The Next Generation of Artists
Creative Visions: Exploring Powerful Personal Narratives Through Art
Earlier this week, the Division of Communication, Art, and Media’s inaugural Art + VAEM Capstone exhibit wrapped.
The recent installation transformed the Charles L. Flynn, Jr. Academic Resource Commons into a showcase of intimate, compelling works by a few of the Mount’s senior student artists—all now recent graduates of the Class of 2022.
Featuring the work of Kayla Campbell, Storm Gibbs, Miguel Losa, Frederick Reyes, and Stevie Velez—from Professor Laura Elayne Miller and Professor Thomas Ray Willis’ Spring Senior Capstone Seminar—the artists employed a breadth of art-making strategies to engage viewers in their unique expressions of the momentum of transformation.
“Ultimately, art is communication, and like all communication, it applies to every field,” said Thomas Ray Willis. “It involves so many skills and even more entry points, with principles you can apply to just about any discipline. As we saw in the exhibit, there is not one model. However, the one thing these projects share is the creative process, which involves harnessing one’s thoughts and emotions to connect ideas, engage an audience, and deliver creative solutions. It is a fulfilling practice.”
Capturing dark humor, interpretative autobiography, geographic exploration, and the underbelly of socio-politics in sports, each artist considered the inherent juxtapositions within temporality, sharing the intimacies of their personal perceptions.
“The Capstone course of study invites the students to choose their own conceptual inquiry and their preferred methods of making artwork, therefore, each student’s creative process is different,” said Laura Elayne Miller. “It’s so exciting: they’re honing their individual creative visions and personal creative practice as they bridge their college education and their future creative careers. It’s very different from the studio courses they’ve taken up to this point, however it synthesizes these experiences and gives each student the opportunity to connect what they’ve learned so far and express themselves in the ways they feel most interested. The curriculum focuses on artistic professional development: how to conceptualize a significant new artwork, create it, and display it, all while learning advanced art making techniques in their chosen medium, as well as generating the critical art writing to accompany their work. The students walk away having created a significant portfolio piece and having had a gallery exhibition, and so they gain real confidence in what they can do.”
What’s next for the arts at the Mount?
The Division has a goal of growing this annual event into its own student art gallery someday—offering an art space that would contribute to the education and cultural enrichment of the campus through regularly programmed exhibits, while engaging the College community in learning opportunities that support artistic diversity. Such a space would encourage students to take creative risks on a broader scale, teach the installation and exhibition process from start to finish, and give art majors a social space they can call their own.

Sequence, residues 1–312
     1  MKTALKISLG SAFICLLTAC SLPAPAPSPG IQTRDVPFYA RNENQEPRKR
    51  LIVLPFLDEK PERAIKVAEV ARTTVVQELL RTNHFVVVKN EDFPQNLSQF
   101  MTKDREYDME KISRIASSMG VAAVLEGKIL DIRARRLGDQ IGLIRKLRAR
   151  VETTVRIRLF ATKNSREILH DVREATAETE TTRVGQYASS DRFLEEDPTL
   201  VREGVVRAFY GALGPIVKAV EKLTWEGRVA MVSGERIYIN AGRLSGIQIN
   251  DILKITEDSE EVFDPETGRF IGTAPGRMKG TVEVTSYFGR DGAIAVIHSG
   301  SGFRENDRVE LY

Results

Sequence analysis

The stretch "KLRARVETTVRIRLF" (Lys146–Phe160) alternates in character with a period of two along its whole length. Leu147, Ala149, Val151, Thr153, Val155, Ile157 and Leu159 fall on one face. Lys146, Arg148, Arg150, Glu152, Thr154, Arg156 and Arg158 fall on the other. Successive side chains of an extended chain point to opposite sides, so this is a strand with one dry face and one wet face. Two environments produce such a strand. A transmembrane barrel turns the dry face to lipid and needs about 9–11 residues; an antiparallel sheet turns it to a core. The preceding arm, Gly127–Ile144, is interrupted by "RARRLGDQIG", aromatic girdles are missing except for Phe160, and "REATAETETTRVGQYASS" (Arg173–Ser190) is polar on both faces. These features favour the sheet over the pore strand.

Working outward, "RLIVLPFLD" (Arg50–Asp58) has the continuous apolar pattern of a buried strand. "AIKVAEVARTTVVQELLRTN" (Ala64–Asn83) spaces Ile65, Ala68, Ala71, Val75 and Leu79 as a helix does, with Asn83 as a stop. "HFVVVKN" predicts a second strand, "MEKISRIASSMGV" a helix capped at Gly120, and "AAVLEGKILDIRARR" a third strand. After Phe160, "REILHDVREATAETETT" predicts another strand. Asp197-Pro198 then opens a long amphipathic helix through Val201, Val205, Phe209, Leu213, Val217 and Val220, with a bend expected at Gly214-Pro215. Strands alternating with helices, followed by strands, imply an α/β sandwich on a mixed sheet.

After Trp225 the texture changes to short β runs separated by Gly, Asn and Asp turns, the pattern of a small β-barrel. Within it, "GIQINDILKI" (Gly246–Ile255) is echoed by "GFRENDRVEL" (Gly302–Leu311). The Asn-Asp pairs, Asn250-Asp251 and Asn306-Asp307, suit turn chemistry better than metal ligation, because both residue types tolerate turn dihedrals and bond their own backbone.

From left: Laura Elayne Miller, Miguel Losa, Kayla Campbell, Stevie Velez, Frederick Reyes, Storm Gibbs, and Thomas Ray Willis.
“To everyone at the Mount: remember the creative community. Gratitude is necessary in the arts, because work is born out of talents not obligations. Support your friends who are creative—be active, go see their work, and collaborate with them in your disciplines.”
About the Division
The Division of Communication, Art, and Media provides a robust theoretical understanding of the principles and practices of various fields. Studio Art students work one-on-one with professional artists and art history professors, learning valuable skills that enhance their ability to solve problems visually, conduct research, develop a creative process, and hone a professional work ethic. Class sizes are limited to ensure student collaboration, exceptional faculty support, and access to innovative materials and techniques. Art majors can choose from a wide range of courses from painting and sculpture to printmaking and ceramics, which lead students to careers in graphic design, art education, publishing, advertising, film production, art criticism, art therapy, conservation, and exhibition design. Visual Arts and Experimental Media comprises a range of cutting-edge, experimental courses in visual arts, electronic art, media, photography, video art, and sound art. The program integrates traditional media, processes and methodologies from the arts, communication, networked media, and computer media. Our campus is home to state-of-the-art digital media labs, visual art studios, a post-production lab, and brand-new television and radio studios, allowing students and faculty to work independently and collaboratively to create radio shows, films, videos, podcasts, and interactive media projects. Off campus, students have thousands of internship and networking opportunities throughout New York City with arts organizations, foundations, design agencies, and media houses.
About the College of Mount Saint Vincent
Founded in 1847 by the Sisters of Charity, the College of Mount Saint Vincent offers nationally recognized liberal arts education and a select array of professional fields of study on a landmark campus overlooking the Hudson River. Committed to the education of the whole person, and enriched by the unparalleled cultural, educational and career opportunities of New York City, the College equips students with the knowledge, skills and experiences necessary for lives of achievement, professional accomplishment and leadership in the 21st century.